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Read the news of the day in less than 10 minutes — not that we’re counting.
Business owners and employees on 52nd Street in West Philadelphia responded to a surprise visit from Democratic Senate candidate John Fetterman with equal parts support and ambivalence.
“Better him than Oz” was the overriding sentiment among the people Billy Penn spoke with, referring to Mehmet Oz, Fetterman’s Republican rival on the campaign trail.
That’s not surprising, given the voter registration demographics of the neighborhood around the business corridor and Philly in general, where Democrats outnumber Republicans 7 to 1.
“Oz is out of touch with the people and what they need — even though I’m a business owner,” said Kelly Townsend, owner and operator of custom t-shirt store 2nd Threadz at 205 S. 52nd St.
Fetterman, the current Pennsylvania lieutenant governor, toured the strip sometimes referred to as the city’s “Black Broadway” last Monday, in one of his first few appearances in Philadelphia since he suffered a stroke right before the May primary. He was joined by his wife Gisele Fetterman and a trio of City Council members: Isaiah Thomas, Kendra Brooks, and Jaime Gauthier — in whose district the short tour took place.
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Gauthier was “honored and excited” that Fetterman visited the business corridor, in her words “a center for black commerce in West Philadelphia, for arts and culture, and an extremely important place in the community,” per a statement released by the Fetterman campaign.
After the walkthrough, Fetterman stressed the importance of the area and others like it in a tweet, urging his hefty online following of over 800,000 users to “Support local Black-owned businesses.”
Like other commercial centers, the area is still trying to recover from pandemic disruptions. 52nd Street was also one of the most affected sites of protests in 2020, where a series of store break-ins only compounded the challenges brought on by business slowdowns due to COVID.
The day after Fetterman came through, we retraced his steps to talk to employees and business owners along the avenue about his candidacy and what they think might happen if he were to become the junior senator from Pennsylvania.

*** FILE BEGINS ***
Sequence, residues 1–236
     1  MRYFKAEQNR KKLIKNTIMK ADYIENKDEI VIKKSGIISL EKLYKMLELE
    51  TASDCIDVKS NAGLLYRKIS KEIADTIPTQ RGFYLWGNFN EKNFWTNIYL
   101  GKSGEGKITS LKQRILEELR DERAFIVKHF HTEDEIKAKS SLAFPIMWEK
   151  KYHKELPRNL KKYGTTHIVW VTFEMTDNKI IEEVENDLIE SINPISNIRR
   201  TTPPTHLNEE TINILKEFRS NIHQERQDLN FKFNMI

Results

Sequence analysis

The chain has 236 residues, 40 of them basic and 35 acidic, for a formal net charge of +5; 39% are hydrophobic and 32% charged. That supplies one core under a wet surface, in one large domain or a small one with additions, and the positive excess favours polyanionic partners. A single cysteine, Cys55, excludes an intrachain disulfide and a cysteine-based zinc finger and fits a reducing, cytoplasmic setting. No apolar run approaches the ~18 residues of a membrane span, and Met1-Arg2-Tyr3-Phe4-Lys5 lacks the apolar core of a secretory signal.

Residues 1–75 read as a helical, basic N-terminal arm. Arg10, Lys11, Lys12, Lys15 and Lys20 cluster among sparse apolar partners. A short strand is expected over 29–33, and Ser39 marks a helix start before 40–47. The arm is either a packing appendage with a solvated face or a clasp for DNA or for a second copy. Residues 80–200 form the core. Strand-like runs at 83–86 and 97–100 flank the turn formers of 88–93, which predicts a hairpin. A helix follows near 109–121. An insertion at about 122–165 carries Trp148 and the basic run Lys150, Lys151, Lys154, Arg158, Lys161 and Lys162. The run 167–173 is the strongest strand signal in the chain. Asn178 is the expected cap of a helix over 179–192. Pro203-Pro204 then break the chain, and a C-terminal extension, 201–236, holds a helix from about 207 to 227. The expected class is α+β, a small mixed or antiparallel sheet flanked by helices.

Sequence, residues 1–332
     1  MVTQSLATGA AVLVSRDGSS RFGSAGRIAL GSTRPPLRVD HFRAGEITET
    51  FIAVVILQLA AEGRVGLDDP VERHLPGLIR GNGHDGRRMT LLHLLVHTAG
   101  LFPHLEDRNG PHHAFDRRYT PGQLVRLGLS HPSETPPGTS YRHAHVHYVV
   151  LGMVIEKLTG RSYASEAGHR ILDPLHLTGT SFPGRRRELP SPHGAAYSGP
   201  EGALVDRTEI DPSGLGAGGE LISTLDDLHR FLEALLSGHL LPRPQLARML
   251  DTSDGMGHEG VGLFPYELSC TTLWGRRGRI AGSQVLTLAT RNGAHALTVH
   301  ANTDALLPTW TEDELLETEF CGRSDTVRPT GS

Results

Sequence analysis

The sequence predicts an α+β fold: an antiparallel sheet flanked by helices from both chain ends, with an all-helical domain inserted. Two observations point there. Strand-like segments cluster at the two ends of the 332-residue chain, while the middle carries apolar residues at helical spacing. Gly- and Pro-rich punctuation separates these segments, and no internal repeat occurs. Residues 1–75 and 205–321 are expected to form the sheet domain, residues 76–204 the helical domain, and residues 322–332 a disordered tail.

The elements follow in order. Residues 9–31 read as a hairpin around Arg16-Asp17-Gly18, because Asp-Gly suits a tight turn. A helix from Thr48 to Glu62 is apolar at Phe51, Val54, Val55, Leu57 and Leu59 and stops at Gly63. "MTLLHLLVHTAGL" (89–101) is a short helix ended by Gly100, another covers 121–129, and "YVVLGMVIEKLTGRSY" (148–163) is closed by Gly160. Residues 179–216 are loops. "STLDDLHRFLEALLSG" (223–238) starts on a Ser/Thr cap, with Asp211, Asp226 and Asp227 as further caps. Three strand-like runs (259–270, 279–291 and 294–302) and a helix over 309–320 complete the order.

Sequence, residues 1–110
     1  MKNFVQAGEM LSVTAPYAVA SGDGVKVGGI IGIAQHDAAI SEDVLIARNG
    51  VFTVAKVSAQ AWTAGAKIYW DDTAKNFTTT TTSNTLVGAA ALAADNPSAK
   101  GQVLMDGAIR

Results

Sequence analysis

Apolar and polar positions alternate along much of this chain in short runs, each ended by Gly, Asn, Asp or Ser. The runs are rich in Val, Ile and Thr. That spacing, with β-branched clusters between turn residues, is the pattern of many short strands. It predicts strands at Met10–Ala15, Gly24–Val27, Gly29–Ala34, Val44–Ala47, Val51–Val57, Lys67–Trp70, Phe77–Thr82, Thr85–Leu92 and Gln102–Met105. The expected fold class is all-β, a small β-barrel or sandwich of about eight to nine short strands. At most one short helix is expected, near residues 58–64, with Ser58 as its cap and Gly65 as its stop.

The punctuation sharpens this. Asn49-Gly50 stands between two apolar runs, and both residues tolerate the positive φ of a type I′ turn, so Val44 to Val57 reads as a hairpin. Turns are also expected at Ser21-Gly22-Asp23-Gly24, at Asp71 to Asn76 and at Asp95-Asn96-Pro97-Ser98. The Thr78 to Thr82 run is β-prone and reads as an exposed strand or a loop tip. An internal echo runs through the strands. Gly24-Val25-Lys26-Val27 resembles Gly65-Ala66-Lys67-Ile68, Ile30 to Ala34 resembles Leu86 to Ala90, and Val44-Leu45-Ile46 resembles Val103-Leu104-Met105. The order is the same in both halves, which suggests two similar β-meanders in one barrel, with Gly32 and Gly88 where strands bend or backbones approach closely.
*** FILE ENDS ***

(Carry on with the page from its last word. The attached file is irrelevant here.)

‘I’m not really pressed to vote for nobody’
Fetterman’s walk up the block started at African Cultural Arts Forum, a family-run 52nd Street establishment founded in 1969 that first sold decorative African art, then expanded to manufacturing its own incense and clothing, and sells soaps, juices, and more.
Originally located further west in the city, ACAF moved into what used to be the renowned Aqua Lounge Jazz Club on 52nd Street in the 90s.
Khadir Abdur-Rahim, the son of cofounder Sharif Abdur-Rahim, noted that the Fettermans came by on fairly short notice. “I was told an hour before he got here that he was coming,” Abdur-Rahim said.
In the shop, John and Gisele Fetterman each bought some items for their three kids, and spoke with Abdur-Rahim about working along the corridor and the upcoming general election.
The next day, Abdur-Rahim said he appreciated the visit, despite the creeping suspicion that it was a “photo op.” He wasn’t familiar with Fetterman’s political background, but did approve of the lieutenant governor’s tenure leading Pennsylvania’s Board of Pardons, a body Fetterman has sought to reform.
Still, the storerunner was ambivalent about heading to the ballot box to show that approval.
“Personally, as a 26-year-old Black man in America, I’m not really pressed to vote for nobody,” Abdur-Rahim said.
It’s a sentiment that reflects the view of many Black people in a similar age range, even as Black voters have been the most likely racial group to register to vote and cast a ballot in the Commonwealth over the past few cycles.
‘Reestablishing an America that follows the rule of law’
Further up 52nd, Tedd Hall, the owner of the women’s clothing store Babe, said he was “in Fetterman’s corner.”
Hall, who is celebrating 50 years of working on 52nd Street this year, tends to vote for Democrats, but is especially keen to do so now based on the threat he sees coming from the GOP.